Thank you, Chairman Meeks, Ranking Member McCaul, and members of the Committee. I am pleased to participate in this hearing and share the Millennium Challenge Corporation’s (MCC) budget request for Fiscal Year (FY) 2022, as well as the agency’s priorities in the months ahead.
I also want to thank you and your staffs for your ongoing collaboration and support. MCC has always benefited from bipartisan backing. We deeply value this bipartisan support and I welcome your continued counsel and engagement as we work to reduce poverty through economic growth.
MCC’s strategic and operational priorities as well as our on-the-ground programs reflect the agency’s model and lessons learned through more than seventeen years of experience in implementing development projects. A strong focus on transparency and accountability for results is embedded in the agency’s DNA and development effectiveness approach and continues to inform how we design and implement our work. This approach is widely recognized, as reflected in the latest ‘Results for America 2020 Invest in What Works Federal Standard of Excellence’ index. MCC is proud that, for the fifth consecutive year, MCC received the highest score of all federal agencies featured in the report for our use of data, evidence, and evaluations in budget, policy, and management decisions.
As in previous years, in FY 2022, we will build on our time-tested model to innovate and deliver a greater impact across our portfolio. We will do this by focusing on three key areas: climate, inclusion and gender, and catalyzing private sector investment. In so doing, we will accelerate progress on our core mission of reducing poverty through “quality” economic growth, that is growth that is sustainable, inclusive, and private-sector led.
MCC has requested $912.0 million for FY 2022.
These resources will support:
- Ongoing and projected compact implementations or pre-implementation work across nine countries, including Benin, Burkina Faso, Côte d’Ivoire, Ghana, Mongolia, Morocco, Niger, Senegal, and Tunisia.
- Ongoing development of seven compacts in Indonesia, Kosovo, Lesotho, Malawi, Mozambique, Sierra Leone, and Timor-Leste.
- The development of two concurrent regional compact programs focused on facilitating cross-border trade. The first is the Benin-Niger Regional Transport Integration Program and the second is the Côte d’Ivoire-Burkina Faso Regional Energy Interconnection Program.
- The implementation of threshold programs in Guatemala, Kosovo, and Togo as well as the development of new threshold programs in The Gambia, Kenya, Kiribati, and Solomon Islands.
- Functions necessary to maintain MCC’s rigorous oversight model, including obtaining information necessary to evaluate, assess, and appraise proposed projects, oversee and monitor implementing projects, evaluate results of completed programs, and administratively support the agency in meeting our mission.
MCC’s budget request of $912.0 million is composed of:
- $647.5 million in support of compacts anticipated to be signed in FY 2022 or early FY 2023
- $31.0 million for threshold programs with new countries to be selected by MCC’s Board of Directors in December 2021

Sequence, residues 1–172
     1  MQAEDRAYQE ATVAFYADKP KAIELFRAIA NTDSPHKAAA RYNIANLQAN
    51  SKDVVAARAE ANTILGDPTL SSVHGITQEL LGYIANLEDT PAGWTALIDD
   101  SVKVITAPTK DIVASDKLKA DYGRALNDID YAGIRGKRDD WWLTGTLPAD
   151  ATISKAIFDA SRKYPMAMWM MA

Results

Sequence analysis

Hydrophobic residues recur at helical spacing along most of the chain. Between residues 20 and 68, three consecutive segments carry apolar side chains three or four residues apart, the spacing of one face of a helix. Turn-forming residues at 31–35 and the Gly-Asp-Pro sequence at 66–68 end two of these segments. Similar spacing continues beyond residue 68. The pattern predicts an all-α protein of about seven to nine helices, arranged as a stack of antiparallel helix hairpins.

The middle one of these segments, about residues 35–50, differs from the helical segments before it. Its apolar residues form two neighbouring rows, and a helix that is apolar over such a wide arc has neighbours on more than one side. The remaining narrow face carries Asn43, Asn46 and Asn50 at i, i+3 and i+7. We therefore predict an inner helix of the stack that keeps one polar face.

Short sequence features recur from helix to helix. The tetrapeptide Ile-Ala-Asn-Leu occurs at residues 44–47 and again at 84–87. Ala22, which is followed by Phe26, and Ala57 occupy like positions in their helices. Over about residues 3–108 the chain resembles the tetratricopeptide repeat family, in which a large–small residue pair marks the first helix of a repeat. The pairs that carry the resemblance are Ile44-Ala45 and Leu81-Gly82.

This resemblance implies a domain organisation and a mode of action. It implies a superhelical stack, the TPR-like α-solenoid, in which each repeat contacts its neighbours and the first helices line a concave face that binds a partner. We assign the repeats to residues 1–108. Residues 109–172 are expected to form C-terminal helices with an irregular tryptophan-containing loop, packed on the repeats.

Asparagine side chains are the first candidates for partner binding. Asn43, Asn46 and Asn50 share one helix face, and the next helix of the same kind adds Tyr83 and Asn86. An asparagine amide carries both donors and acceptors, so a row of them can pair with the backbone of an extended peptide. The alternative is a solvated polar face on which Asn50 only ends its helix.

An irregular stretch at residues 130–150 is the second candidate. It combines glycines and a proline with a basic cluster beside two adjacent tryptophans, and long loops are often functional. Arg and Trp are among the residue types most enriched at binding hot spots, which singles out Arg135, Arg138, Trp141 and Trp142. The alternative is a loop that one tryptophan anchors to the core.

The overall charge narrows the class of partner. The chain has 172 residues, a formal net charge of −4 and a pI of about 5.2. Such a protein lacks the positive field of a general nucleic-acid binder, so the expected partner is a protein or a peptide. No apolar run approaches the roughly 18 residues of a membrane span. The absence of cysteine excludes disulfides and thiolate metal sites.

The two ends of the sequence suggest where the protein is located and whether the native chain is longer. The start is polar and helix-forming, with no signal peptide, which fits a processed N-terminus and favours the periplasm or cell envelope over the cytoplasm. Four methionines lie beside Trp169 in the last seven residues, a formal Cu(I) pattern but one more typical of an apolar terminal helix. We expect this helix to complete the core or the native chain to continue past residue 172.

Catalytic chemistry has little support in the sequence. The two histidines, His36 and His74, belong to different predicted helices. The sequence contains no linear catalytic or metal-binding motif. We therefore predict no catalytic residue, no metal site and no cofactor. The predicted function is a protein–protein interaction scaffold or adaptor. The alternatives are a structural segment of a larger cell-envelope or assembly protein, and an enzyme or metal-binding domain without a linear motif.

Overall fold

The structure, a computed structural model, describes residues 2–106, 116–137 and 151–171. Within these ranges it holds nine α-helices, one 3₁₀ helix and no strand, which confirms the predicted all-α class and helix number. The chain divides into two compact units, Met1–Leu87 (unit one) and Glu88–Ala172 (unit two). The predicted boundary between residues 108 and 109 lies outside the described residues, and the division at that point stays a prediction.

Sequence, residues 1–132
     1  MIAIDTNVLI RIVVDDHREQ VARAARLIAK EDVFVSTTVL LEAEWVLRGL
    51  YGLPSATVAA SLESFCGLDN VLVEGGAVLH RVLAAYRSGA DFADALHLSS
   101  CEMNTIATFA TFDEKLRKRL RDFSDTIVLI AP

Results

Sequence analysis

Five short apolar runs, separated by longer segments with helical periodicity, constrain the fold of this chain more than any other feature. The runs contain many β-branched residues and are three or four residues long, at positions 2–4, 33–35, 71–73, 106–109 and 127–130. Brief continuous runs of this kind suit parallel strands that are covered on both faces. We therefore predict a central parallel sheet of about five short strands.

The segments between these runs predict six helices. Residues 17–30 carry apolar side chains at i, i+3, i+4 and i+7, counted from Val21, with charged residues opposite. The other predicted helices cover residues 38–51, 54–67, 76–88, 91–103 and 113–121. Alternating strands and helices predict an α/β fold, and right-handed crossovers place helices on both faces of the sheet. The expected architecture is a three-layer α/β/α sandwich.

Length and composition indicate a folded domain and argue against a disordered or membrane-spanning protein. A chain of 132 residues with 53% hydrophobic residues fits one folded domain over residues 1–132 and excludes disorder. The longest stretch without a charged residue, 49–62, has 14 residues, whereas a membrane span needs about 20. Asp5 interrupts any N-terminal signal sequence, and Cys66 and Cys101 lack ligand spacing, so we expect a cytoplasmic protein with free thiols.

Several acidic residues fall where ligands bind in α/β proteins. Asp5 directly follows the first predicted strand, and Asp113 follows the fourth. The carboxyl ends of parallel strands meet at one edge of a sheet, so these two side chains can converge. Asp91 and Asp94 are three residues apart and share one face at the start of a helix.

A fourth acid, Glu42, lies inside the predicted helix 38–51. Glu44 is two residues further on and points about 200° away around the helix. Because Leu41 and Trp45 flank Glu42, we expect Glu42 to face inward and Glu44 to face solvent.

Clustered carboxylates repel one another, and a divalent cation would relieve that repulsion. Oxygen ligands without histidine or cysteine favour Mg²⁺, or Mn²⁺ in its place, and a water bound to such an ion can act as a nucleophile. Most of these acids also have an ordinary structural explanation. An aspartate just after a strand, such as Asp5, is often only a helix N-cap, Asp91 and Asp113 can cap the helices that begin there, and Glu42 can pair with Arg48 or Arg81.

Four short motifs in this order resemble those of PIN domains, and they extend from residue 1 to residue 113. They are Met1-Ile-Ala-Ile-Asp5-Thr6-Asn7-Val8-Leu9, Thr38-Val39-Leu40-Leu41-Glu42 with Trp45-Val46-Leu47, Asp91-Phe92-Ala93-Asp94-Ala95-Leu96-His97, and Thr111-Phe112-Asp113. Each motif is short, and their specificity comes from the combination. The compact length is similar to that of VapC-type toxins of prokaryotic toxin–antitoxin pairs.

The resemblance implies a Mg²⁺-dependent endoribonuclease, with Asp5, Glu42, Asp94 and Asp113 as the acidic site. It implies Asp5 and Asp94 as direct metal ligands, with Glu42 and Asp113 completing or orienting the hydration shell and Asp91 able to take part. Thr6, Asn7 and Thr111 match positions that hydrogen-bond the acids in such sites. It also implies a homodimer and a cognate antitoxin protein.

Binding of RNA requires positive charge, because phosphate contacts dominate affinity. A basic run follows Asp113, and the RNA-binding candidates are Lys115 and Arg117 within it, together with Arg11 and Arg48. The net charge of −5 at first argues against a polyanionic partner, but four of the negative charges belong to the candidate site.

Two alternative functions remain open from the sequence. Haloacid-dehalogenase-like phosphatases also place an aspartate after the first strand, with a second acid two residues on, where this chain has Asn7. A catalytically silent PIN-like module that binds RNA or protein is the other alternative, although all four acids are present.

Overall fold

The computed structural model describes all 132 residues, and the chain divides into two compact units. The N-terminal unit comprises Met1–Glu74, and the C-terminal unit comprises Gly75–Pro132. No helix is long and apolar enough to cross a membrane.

- $114.0 million for compact development and oversight
- $115.0 million for administrative functions to support agency operations, including maintaining existing staffing levels, covering rising overseas support costs, supporting modernization of technology platforms, and offsetting increased inflationary pressures
- And $4.5 million to fund the Office of the Inspector General’s oversight role.
With this funding request, MCC will be able to support the FY 2022 portfolio and achieve our mission through competitive recruitment and continued retention of our specialized and skilled workforce and provide quality program oversight.
MCC’s operations are guided by its founding principles that remain as relevant today as at the time of the agency’s inception 17 years ago. These principles are centered on a competitive selection process that reflects American values and the conditions for economic growth; a business-like approach with bedrock commitments to data, accountability, cost-benefit analysis, and evidence-based decisions; and a strong focus on creating the right enabling environment conditions for private sector investment.
Country ownership is also a core MCC principle. MCC’s engagement with a partner country often stands as a keystone of the U.S. economic relationship in that country—visible proof that U.S. economic assistance leads to tangible results—and helps to create the conditions for private sector-led growth. Partner countries generally make a financial and/or in-kind contribution, a signal of their commitment and ownership of the programs.
MCC works in countries that are committed to democratic governance, and invests in transparency and accountability to create a virtuous cycle. Specifically, MCC’s rigorous selection process creates an incentive for countries to improve their policy performance. It also targets MCC’s funding to those countries most likely to use it well. The MCC scorecard – with its focus on ruling justly, economic freedom, and investing in people – is emblematic of the agency’s unique approach to reducing poverty through economic growth around the world.
The formulation of MCC’s FY22 budget takes into account the health, economic, and development impacts of the COVID-19 pandemic which has been overwhelming globally. We have prioritized the health and safety of our staff and partners. Despite travel constraints and the very difficult situation around the world, I am proud of how MCC teams have continued to deliver and stand by our partner countries. However, programs have experienced challenges and delays, notably with respect to accessing technical expertise and construction services, as well as the time of government counterparts who were stretched with responding to the pandemic.
In FY 2022, MCC will continue to deepen our commitment to diversity, equity, and inclusion, a key to having an engaged and productive workforce to deliver our programs and achieve expected results. MCC recently established a new Diversity and Equal Employment Opportunity division within MCC’s Office of the Chief Executive Officer (OCEO), which reports directly to the CEO. By placing the office in the OCEO, MCC will further elevate these efforts within the agency and improve information flow. The agency also recently hired a Chief Diversity Officer and launched a new Diversity Council, designed to empower employee feedback and input on diversity issues and to institutionalize new approaches and good practices.